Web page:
The Egg box office got 500 calls on Wednesday begging for tickets to the Tedeschi Trucks Band in the (larger) Hart Theatre — days after it had sold out. Everybody knew it would be a hot show, but it was hotter than that.
The 11-piece band’s “Revelator” hit the charts hard, and it’s a good album. But they played its mostly just-average songs better on Wednesday. And they dusted off some surprising cover tunes, mostly from the soul pages of the rock ‘n’ roll songbook.
They started with “Don’t Let Me Slide” and “Until You Remember” from “Revelator,” and returned to the new album with “Midnight in Harlem” — probably its strongest number — after Muddy Waters’ classic “Rollin’ and Tumblin’.” Singer-guitarist Susan Tedeschi and guitarist husband Derek Trucks stood and delivered, front and center, with three horns, two drummers, two singers, bass and keyboards swirling behind them. Tedeschi’s voice had to cut through a lot, and did: When she knocked holes through the groove on “Remember,” everyone cheered.
She contributed less on guitar, thanks to persistent, annoying amp problems. Too bad: She played great on “That Did It.” Trucks always played great, plucking or flailing with his fingers and usually gliding a glass slide over the frets.
Late in a set of mostly originals in the Memphis or New Orleans styles, they tossed a wide curveball with the Lovin’ Spoonful’s wistful “Darlin’ Be Home Soon,” then got hyper and hot on Stevie Wonder’s “Uptight and Outta Sight” before closing with the original “Bound for Glory.”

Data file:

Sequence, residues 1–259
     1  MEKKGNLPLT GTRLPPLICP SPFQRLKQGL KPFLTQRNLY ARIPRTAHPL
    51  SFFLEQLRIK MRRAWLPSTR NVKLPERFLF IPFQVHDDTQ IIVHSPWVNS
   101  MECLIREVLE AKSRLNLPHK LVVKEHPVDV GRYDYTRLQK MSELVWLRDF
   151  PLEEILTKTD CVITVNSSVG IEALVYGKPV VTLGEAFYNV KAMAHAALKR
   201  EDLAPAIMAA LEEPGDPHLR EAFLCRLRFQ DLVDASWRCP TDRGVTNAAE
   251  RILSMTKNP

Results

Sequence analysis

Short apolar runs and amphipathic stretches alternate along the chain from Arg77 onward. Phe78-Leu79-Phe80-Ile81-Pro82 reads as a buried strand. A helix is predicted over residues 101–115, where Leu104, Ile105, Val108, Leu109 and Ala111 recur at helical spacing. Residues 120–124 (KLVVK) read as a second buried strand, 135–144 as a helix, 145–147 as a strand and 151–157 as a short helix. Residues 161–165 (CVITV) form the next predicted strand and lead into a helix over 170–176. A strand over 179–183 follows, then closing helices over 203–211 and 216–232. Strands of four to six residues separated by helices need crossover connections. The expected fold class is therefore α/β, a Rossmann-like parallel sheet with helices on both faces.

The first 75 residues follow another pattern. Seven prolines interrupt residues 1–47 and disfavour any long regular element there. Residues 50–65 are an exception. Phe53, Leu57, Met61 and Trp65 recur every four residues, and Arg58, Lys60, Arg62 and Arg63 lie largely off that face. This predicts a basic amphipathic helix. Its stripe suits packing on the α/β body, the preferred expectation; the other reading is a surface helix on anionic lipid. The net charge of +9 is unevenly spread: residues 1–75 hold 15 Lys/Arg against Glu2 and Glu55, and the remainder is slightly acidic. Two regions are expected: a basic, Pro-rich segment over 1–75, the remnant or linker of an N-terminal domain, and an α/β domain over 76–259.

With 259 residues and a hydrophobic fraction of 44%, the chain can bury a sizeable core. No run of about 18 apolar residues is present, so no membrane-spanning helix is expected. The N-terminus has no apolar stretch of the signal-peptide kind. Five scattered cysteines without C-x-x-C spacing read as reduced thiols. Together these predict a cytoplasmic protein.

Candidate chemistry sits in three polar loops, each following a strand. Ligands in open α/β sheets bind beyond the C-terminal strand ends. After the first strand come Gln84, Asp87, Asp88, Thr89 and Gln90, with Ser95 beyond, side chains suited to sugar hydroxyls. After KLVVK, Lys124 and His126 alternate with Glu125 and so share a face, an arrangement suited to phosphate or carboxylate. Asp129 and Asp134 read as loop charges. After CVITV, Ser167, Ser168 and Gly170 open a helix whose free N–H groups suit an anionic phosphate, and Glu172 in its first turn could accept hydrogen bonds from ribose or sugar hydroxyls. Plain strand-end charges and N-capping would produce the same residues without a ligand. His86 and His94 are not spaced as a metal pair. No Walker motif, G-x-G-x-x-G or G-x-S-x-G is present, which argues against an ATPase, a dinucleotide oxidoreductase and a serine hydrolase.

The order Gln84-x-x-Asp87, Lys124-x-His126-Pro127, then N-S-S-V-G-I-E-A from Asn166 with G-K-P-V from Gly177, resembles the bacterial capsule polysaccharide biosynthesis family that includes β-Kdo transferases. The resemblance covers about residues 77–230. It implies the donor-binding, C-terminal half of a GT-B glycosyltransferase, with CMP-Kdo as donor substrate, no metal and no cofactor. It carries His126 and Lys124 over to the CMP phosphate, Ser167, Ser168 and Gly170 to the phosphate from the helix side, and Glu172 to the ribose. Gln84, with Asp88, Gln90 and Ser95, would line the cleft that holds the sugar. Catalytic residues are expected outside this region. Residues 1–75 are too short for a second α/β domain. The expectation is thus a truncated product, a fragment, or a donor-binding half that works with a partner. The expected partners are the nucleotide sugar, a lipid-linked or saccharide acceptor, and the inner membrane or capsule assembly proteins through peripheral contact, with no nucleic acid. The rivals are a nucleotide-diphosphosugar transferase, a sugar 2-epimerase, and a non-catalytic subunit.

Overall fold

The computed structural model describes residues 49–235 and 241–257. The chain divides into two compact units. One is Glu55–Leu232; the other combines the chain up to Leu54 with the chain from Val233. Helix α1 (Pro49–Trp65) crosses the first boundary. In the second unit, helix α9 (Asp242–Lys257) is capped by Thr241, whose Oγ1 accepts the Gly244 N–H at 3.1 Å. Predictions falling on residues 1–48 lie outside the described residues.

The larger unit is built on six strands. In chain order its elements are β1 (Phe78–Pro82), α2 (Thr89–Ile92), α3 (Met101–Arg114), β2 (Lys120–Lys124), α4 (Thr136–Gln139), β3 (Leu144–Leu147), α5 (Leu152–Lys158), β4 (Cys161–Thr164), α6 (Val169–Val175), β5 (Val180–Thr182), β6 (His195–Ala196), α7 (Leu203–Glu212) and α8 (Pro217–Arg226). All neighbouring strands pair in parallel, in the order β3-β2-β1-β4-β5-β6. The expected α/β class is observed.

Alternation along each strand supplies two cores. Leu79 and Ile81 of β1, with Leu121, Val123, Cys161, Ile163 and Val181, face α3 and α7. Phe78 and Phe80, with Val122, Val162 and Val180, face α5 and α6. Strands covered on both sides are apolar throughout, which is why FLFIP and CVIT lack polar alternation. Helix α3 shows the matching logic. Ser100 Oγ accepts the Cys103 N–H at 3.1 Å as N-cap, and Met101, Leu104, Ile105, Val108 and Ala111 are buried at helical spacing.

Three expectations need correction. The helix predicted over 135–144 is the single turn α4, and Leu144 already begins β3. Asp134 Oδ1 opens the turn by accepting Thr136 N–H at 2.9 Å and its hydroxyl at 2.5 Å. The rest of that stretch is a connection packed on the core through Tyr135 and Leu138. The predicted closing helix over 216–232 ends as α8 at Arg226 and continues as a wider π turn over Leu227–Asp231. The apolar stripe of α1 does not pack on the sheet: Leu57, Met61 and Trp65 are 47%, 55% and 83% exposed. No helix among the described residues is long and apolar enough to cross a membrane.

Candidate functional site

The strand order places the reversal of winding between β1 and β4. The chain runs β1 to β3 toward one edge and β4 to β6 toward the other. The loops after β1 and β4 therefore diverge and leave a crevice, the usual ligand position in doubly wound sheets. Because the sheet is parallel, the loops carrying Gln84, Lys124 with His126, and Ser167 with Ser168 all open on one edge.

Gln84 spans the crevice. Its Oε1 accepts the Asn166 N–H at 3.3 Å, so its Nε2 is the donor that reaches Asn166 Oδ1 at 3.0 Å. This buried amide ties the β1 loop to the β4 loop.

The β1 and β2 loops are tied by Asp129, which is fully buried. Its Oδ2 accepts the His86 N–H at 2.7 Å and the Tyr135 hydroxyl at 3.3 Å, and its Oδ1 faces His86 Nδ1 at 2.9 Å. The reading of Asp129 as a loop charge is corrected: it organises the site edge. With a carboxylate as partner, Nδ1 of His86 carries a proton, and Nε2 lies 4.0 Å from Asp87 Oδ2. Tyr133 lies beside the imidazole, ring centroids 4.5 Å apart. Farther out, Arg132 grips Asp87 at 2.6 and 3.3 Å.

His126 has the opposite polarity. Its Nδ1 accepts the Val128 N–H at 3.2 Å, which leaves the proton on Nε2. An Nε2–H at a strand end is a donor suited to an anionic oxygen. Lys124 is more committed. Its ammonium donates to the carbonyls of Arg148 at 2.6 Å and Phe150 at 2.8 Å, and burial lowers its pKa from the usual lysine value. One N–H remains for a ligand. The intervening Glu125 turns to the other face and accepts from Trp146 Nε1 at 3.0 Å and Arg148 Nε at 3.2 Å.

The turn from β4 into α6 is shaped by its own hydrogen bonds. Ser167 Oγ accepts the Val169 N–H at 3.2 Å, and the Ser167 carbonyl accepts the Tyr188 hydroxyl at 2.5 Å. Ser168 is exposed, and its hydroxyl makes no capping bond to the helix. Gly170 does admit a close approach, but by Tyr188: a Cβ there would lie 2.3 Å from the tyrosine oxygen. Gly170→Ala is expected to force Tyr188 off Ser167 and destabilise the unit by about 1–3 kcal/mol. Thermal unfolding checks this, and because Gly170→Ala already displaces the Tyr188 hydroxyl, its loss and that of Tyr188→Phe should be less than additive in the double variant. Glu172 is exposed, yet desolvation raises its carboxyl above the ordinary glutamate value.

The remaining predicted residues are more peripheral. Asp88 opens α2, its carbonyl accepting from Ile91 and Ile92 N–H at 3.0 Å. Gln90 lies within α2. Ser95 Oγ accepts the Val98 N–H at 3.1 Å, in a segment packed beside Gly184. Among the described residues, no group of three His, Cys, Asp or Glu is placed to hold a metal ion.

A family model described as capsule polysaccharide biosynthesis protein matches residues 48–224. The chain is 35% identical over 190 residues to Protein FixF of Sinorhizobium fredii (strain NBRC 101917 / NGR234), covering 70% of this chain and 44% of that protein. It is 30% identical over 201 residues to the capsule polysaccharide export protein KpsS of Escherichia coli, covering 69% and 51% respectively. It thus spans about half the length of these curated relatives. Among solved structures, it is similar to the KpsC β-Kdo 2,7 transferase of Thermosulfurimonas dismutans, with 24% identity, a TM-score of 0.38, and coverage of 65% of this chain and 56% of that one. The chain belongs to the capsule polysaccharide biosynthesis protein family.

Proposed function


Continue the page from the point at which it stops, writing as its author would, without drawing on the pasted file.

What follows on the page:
The encores were vintage: Fred Neil’s “Everybody’s Talkin’” and Sly Stone’s “Sing a Simple Song” and “I Want to Take You Higher.” They rocked hard, and they brought the funk for real.
A relatively new band, they didn’t always display the same fine-honed balance as the Allman Brothers (Trucks’ main band) or the Derek Trucks Band (his own crew over the past decade) — nor that of Stevie Wonder or Sly and the Family Stone. Trumpet, sax and trombone were sometimes hard to hear over the band’s rocking core. But when everything locked into place, the sonic soul force was formidable.
Tedeschi Trucks Band singer Mike Mattison opened with his blues band Scrapomatic — his huge voice framed in guitar-boogie shuffles by Paul Olson and Dave Yoke, drummer Tyler Greenwell joining later. “Alligator Love Cry” started their set with a swampy shuffle, “Killin’ Yourself on Purpose” was a Tom Waits-style drinker’s lament, then the next tune added both Greenwell and a scorching falsetto by Mattison.
“Horsemeat” warned about the hazards of L.A., “I Want the Truth” ebbed and flowed from an Allman-like lope into lurching A-B episodes, and “The Party’s Over” cruised on an easy stroll beat before “I Just Wanna Hang Around with You” rocked to a big finish.
The bass-less lineup sounded anything but minimal, thanks to Olson’s solid chord-prodding, Yoke’s hot solos and Greenwell’s relentless kick-drum thump. But, despite the ingenious songs and forceful playing, Scrapomatic was all about Mattison’s great voice — a very satisfying opener.
The Tedeschi Trucks Band was all about Tedeschi’s voice, Trucks’ guitar and vintage grooves — a mighty headliner.
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